Now that leave is officially over and I am back at work again, I have a few thoughts on things I could have done better, or things I figured out that I want to keep doing.

1. Do housework and chores during the week
I got in the habit of doing a different chore every day, partially to give myself something to do during the week. What I discovered was that I could get the chores done surprisingly quickly during the period of one nap (less than an hour), and totally free up the weekend. I plan to continue my weekly schedule, tackling each item as soon as I get home from work, so that I don't have to waste an entire weekend day to housework. Monday is grocery day, Tuesday is for dusting and vacuuming. Wednesday is laundry day and Thursday is for cleaning the bathroom and kitchen.

2. Do something fun every weekend
Because we weren't spending all weekend doing chores and I was so desperate to get out of the house, we put a lot of effort into planning an activity each weekend. Finding things we could take a baby to turned out to be a lot easier than we expected, so we had lots of options each week. We went berry picking, found a drive-in movie theatre, sought out some oysters, and enjoyed a flight of beers at our local brewery. Instead of wasting away the weekend in front of the tv or doing chores like we used to, we actually got out and experienced a bunch of new things. Even though I will have less of an urge to get out of the house on the weekends, I would like to keep the practice. With not a lot of effort, we can make fun memories and real answers to the perpetual question, "What did you do this weekend?"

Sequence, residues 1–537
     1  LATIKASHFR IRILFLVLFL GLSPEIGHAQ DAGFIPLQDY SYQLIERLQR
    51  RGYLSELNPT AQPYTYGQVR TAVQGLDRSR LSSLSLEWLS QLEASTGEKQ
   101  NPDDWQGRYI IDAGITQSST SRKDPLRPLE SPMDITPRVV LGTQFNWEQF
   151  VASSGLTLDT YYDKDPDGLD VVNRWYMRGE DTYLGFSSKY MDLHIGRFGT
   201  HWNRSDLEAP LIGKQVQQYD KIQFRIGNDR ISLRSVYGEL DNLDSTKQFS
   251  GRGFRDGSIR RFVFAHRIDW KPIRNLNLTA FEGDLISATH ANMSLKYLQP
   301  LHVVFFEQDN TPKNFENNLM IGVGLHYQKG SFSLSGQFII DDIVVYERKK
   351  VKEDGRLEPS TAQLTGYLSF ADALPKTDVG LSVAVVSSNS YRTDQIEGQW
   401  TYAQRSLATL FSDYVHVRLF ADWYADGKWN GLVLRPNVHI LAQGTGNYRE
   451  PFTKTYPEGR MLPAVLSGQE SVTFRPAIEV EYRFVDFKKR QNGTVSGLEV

3. Go outside every day
So this is something I was actually pretty horrible at during my leave, and maybe went outside one day a week. On days I was stuck inside, I got much less exercise, ate more, felt lonelier and more bored than days I went out. I stayed inside because it was hot out and hard to carry the boy with all his stuff up and down the stairs, but I should've just gone anyway. A change of scenery, some fresh air and the excitement of running into people, nature and whatnot make even a short trip totally worth it. From now on, and definitely if I do this again, I will definitely plan to go outside every day.

4. Watch TV purposefully